According to a WHO Health and Work Performance Questionnaire that assesses sick days, depression was cited as the number one reason for absenteeism on the job. And a February 2010 issue of the Harvard Mental Health Letter found that depression and anxiety were among the top five reasons for absenteeism.
Americans are clearly suffering. According to the National Comorbidity Survey Replication, about 26% of American adults aged 18 and older suffer from a diagnosable mental disorder in any given year.
Wouldn't it be great if America's workers could take time off to rest, manage their stress, or even see a mental health professional? I am proposing that businesses should institute two or three paid "mental health days" a year as part of their employee benefits package.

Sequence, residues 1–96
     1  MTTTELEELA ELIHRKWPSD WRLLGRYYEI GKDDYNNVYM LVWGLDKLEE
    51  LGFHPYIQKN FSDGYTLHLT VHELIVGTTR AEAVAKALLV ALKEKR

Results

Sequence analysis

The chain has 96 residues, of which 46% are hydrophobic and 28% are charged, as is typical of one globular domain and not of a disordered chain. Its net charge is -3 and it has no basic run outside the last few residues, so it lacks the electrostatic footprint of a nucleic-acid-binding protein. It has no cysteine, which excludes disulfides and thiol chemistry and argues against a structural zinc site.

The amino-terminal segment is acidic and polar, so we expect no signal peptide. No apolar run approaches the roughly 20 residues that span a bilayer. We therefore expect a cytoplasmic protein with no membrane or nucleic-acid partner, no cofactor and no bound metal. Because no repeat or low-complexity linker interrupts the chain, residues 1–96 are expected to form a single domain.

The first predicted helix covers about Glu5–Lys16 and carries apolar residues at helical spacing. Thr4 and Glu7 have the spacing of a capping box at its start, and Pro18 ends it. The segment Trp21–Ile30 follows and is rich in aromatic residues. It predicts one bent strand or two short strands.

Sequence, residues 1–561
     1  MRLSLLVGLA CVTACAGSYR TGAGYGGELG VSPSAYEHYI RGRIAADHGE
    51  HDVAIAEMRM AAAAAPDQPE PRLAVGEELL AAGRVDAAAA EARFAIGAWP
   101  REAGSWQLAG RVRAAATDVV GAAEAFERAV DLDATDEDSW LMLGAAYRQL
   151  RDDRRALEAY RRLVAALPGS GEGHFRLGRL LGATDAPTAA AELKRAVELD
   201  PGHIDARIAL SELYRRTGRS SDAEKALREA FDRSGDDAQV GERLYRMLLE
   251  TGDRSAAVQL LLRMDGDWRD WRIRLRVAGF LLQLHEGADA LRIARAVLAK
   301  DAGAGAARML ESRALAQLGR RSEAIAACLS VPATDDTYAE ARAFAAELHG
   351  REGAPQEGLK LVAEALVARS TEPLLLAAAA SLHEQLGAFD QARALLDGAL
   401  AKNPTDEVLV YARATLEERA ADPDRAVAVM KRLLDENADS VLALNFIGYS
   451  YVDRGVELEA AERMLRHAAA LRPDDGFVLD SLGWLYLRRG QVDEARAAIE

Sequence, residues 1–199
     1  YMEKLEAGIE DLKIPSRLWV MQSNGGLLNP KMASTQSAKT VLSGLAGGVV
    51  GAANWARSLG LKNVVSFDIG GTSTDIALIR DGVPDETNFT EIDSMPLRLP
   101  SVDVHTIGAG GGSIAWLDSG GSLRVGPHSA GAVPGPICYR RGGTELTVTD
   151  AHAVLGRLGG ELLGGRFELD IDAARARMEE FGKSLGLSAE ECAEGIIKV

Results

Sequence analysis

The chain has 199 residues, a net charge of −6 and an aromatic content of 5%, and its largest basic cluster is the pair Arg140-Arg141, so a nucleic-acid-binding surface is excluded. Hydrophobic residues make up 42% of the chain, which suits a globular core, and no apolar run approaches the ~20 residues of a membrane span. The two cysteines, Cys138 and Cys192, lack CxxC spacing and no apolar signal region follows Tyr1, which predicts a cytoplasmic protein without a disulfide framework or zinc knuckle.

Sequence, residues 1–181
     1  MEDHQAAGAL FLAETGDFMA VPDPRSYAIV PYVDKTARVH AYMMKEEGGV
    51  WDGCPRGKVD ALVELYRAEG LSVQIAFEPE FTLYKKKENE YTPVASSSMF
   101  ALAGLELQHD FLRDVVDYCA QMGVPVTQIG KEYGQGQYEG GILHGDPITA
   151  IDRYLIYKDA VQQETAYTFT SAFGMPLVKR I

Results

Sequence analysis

Over and over, we psychiatrists, psychologists and other mental health professionals hear people say: "I can't take another day of work," or "I'll go crazy if I have to return to work tomorrow." The list of remarks illustrating the sense of dread that many people feel about their workplaces could go on and on.
People certainly don't want to quit their jobs -- especially in these uncertain economic times. But some people do opt to use sick days when they need a break from the stress. Why not formalize such an action? After all, the ability to take a sick day because of extreme anxiety or stress is just as important as being able to do so because of a severe upper respiratory infection.